A VC’s Term Sheet and a Prenuptial Agreement – both define important legal rights at exit

New businesses are started every day around the world. Some businesses will become hugely successful (i.e. Twitter, Google, Amazon, Facebook), others, not so much. Many start-up businesses seek funding to help grow their business. The source of start-up funds often comes from a venture capitalist, also known as a VC. Angel investors are similar to venture capitalists, but they usually provide seed-stage funding (less than $1,000,000). Often, angel investors are high net worth individuals with excess liquid capital they want to invest. As this blog post is being written (May 2015), the amount of angel investment money and venture capital money available to fund new ventures has never been higher. However, it still remains very difficult for many start up companies to raise money from angel investors and VC’s for reasons beyond the scope of this blog post.

Jonathan C. Noble, Esq.
Jonathan C. Noble, Esq.

When founders and VC’s choose to work with each other, some people, (myself included), believe it is similar to a marriage, with one major exception. Investors almost always expect their investment relationship in the companies they finance (known as their “portfolio companies”) to eventually end. VC’s properly prepare an exit strategy from day one.

Unlike a marriage, nearly every single investor has the primary goal of someday exiting the company they once funded.  For many reasons, some investors remain on the board of directors of their portfolio companies even after the company has gone public or has been acquired.

Certain provisions contained in a VC’s term sheet act like a prenuptial agreement for investors. A term sheet controls the economics of the investment deal when the relationship between the portfolio company and the investor ends. In many ways, prenuptial agreements act in the same manner as a term sheet.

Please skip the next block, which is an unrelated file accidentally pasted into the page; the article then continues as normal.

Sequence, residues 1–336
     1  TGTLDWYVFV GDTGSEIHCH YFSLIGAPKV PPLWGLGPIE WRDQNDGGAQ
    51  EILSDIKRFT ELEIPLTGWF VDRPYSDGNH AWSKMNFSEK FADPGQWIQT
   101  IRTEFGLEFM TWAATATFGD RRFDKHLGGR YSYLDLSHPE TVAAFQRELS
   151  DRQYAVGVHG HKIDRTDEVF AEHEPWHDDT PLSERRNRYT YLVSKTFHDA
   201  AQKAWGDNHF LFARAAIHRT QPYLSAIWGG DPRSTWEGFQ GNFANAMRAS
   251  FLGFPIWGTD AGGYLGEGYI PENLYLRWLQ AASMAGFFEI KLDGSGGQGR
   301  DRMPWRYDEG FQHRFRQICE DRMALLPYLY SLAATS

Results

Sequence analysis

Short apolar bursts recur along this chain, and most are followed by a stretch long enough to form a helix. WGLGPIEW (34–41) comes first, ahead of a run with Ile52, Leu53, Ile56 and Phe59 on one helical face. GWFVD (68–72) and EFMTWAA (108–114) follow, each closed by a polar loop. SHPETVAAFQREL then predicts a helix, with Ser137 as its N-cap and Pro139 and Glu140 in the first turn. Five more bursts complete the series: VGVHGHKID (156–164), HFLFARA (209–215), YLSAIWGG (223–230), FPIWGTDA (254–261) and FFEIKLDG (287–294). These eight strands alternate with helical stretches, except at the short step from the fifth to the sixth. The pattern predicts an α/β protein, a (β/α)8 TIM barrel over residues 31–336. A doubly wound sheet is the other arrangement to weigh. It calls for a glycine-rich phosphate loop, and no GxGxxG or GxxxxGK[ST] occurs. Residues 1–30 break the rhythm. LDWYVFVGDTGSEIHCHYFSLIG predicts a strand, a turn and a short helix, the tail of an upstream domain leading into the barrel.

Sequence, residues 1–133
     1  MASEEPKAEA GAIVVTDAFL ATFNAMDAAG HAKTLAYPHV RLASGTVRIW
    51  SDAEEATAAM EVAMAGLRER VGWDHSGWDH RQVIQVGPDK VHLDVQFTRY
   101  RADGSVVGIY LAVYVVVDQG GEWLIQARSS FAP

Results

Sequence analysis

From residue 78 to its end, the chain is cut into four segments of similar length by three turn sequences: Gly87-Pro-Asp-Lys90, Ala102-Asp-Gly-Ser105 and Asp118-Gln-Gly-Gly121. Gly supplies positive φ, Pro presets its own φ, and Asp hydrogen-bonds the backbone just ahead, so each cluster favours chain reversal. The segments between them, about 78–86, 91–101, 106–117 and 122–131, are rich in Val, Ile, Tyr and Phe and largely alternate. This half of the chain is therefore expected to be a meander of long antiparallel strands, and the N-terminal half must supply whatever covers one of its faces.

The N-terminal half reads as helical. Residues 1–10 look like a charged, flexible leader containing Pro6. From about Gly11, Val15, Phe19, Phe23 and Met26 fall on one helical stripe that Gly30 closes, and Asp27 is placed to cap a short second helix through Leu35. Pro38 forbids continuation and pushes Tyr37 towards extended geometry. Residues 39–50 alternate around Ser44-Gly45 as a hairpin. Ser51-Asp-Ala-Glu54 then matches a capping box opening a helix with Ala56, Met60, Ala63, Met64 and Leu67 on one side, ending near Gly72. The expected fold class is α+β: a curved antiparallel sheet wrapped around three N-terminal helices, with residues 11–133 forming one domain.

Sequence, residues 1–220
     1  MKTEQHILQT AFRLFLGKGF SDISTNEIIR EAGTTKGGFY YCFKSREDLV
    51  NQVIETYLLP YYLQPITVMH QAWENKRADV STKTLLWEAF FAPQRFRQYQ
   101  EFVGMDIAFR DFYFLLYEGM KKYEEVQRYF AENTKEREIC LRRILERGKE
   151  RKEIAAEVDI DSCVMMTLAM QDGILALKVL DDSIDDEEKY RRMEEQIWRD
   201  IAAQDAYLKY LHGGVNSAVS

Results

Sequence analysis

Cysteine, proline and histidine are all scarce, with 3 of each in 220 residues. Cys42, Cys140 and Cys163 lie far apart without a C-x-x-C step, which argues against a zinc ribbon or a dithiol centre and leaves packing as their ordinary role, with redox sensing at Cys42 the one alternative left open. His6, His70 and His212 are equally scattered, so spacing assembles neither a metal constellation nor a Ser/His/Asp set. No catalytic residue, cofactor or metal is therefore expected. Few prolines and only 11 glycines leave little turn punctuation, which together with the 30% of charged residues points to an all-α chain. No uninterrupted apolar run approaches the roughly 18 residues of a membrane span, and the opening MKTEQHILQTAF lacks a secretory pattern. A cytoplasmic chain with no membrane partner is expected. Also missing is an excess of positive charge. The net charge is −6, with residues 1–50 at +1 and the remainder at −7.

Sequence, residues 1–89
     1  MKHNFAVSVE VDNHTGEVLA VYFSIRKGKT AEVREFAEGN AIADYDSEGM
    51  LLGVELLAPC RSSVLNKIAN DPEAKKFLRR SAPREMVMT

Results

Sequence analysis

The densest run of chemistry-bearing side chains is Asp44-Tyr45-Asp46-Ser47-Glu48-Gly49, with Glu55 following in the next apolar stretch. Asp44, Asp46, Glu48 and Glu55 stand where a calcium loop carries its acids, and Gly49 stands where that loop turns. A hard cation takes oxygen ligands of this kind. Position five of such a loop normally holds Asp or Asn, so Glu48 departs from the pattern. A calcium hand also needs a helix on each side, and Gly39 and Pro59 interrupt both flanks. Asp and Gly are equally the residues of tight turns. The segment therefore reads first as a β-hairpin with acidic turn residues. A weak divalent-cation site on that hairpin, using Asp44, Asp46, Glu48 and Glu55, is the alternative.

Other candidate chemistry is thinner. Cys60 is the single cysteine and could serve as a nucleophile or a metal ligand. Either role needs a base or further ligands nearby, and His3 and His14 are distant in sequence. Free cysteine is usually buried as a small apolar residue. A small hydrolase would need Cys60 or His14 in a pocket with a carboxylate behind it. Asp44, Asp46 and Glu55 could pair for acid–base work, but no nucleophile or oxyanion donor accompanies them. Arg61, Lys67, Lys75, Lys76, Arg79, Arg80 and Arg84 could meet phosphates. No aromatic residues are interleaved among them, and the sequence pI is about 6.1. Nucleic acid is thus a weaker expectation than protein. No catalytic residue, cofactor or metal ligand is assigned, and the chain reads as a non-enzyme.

In very basic terms, before money changes hands between the investor  (VC or angel) and the founders of a company, a document known as a term sheet must be negotiated and signed by both. The term sheet is a critical document for both the founder and the potential investor. The term sheet controls the economics of the deal and often, control of the company. Basically, the term sheet sets forth the economic terms when the company experiences a liquidity event. The term sheet establishes who is entitled to how much money when the company is acquired, merged, issues an initial public offering (IPO), or the company is otherwise liquidated. Modern day investors could not function without a term sheet.

In the technology sector, it is not unusual for some investors to earn 25 to 50 times back on their initial investment if a company they funded becomes successful. If you were an early investor in Google or Facebook, that could translate into hundreds of millions of dollars in profit. The term sheet becomes critical when valuing the everyone’s share of the company.

What does a term sheet have in common with a prenuptial agreement? 

Venture capitalists and angel investors make investments with the expectation they will eventually exit. In contrast, people do not marry each other with the expectation that they will eventually divorce. However, statistics tell us about 50% of first time marriages in the United States end in divorce. The divorce rate is even higher for second and third marriages.

Given the high likelihood of divorce, having a prenuptial agreement in place is simply a good economic decision. For high net worth individuals, it can save tens of thousands of dollars, (or more) in legal fees and costs in the event your marriage ends.

At first, it may seem difficult to approach the subject of entering into a prenuptial agreement. In reality, many people are surprised to discover the idea is welcomed and even embraced by their significant other.

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Social media can create marital problems